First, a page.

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ARS Home » Midwest Area » Ames, Iowa » Corn Insects and Crop Genetics Research » Research » Publications at this Location » Publication #305451

Research Project: Functional and Structural Genetic Analysis of Soybean and Other Legumes

Location: Corn Insects and Crop Genetics Research

Title: Identification of candidate genes involved in early iron deficiency chlorosis signaling in soybean (Glycine max) roots and leaves

Author
item Moran Lauter, Adrienne
item Peiffer, Gregory
item Yin, Tengfei - Iowa State University
item Cook, Dianne - Iowa State University
item Shoemaker, Randy
item Graham, Michelle

Submitted to: Biomed Central (BMC) Genomics
Publication Type: Peer Reviewed Journal
Publication Acceptance Date: 8/22/2014
Publication Date: 8/22/2014
Citation: Moran Lauter, A., Peiffer, G.A., Yin, T., Cook, D., Shoemaker, R.C., Graham, M.A. 2014. Identification of candidate genes involved in early iron deficiency chlorosis signaling in soybean (Glycine max) roots and leaves. Biomed Central (BMC) Genomics. 15:702 DOI: 10.1186/1471-2164-15-702.

Interpretive Summary: Iron is an essential micronutrient for all living things, required in plants for photosynthesis, respiration and metabolism. In plants, lack of bioavailable iron in soil leads to iron deficiency chlorosis (IDC), causing a reduction in photosynthesis and interveinal yellowing of leaves. Soybeans (Glycine max (L.) Merr.) grown in high pH soils often suffer from IDC, resulting in substantial yield losses. Iron efficient soybean cultivars maintain photosynthesis and have higher yields under IDC-promoting conditions than inefficient cultivars. In previous work it was determined that iron deficiency is sensed in the leaves, and that an unknown leaf signal regulates the expression of iron uptake genes in the root. In order to capture signaling between roots and leaves and identify genes acting early in the iron efficient cultivar Clark, we conducted a RNA-Seq study at one and six hours after replacing iron sufficient hydroponic media with iron deficient media. We observed dynamic gene expression differences between times points and between roots and leaves, suggesting the involvement of many transcription factors in eliciting rapid changes in gene expression. Genes involved in hormone signaling, regulation of DNA replication and iron uptake utilization are key aspects of the iron-efficiency response. While our analysis identified hundreds of genes responding to iron stress, identifying those genes responsible for greater stress tolerance that have little or no impact on yield is an important challenge for the future.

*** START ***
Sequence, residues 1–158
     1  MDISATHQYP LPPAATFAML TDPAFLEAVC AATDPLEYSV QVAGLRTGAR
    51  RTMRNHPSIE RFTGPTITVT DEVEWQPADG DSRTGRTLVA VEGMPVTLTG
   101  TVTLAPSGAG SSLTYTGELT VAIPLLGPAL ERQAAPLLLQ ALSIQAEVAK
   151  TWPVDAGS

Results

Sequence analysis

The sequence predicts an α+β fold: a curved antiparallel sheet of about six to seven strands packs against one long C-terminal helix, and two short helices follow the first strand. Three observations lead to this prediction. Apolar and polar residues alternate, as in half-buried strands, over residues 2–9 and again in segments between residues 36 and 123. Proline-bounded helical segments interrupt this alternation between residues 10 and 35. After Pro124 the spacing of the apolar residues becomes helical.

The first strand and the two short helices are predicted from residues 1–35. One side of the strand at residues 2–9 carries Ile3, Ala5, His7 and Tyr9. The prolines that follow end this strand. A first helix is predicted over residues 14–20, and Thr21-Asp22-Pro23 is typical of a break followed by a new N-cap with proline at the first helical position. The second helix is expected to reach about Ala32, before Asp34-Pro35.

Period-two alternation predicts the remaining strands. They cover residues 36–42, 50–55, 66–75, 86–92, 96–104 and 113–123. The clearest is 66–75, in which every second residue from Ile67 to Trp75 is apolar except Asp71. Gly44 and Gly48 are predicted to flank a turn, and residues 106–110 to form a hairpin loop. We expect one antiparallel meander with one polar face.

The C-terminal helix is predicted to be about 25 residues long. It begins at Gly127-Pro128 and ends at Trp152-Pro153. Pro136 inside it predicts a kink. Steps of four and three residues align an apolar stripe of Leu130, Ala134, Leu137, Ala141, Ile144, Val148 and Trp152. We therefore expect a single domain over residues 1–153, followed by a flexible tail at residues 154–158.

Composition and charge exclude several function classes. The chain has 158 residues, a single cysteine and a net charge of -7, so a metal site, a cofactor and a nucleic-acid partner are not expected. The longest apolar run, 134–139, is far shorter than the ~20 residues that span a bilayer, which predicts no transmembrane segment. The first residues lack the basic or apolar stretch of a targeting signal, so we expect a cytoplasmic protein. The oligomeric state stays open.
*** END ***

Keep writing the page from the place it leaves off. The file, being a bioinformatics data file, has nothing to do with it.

Technical Abstract: Iron is an essential micronutrient for all living things, required in plants for photosynthesis, respiration and metabolism. A lack of bioavailable iron in soil leads to iron deficiency chlorosis (IDC), causing a reduction in photosynthesis and interveinal yellowing of leaves. Soybeans (Glycine max (L.) Merr.) grown in high pH soils often suffer from IDC, resulting in substantial yield losses. Iron efficient soybean cultivars maintain photosynthesis and have higher yields under IDC-promoting conditions than inefficient cultivars. In order to capture signaling between roots and leaves and identify genes acting early in the iron efficient cultivar Clark, we conducted a RNA-Seq study at one and six hours after replacing iron sufficient hydroponic media (100 µM iron(III) nitrate nonahydrate) with iron deficient media (50 µM iron(III) nitrate nonahydrate). At one hour of iron stress, few genes were differentially expressed in leaves but many were already changing expression in roots. By six hours, more genes were differentially expressed in the leaves, and a massive shift was observed in the direction of gene expression in both roots and leaves. Further, there was little overlap in differentially expressed genes identified in each tissue and time point. Genes involved in hormone signaling, regulation of DNA replication and iron uptake utilization are key aspects of the early iron-efficiency response. We observed dynamic gene expression differences between roots and leaves, suggesting the involvement of many transcription factors in eliciting rapid changes in gene expression. The differentially expressed genes (DEGs) and signaling components identified here represent new targets for soybean improvement.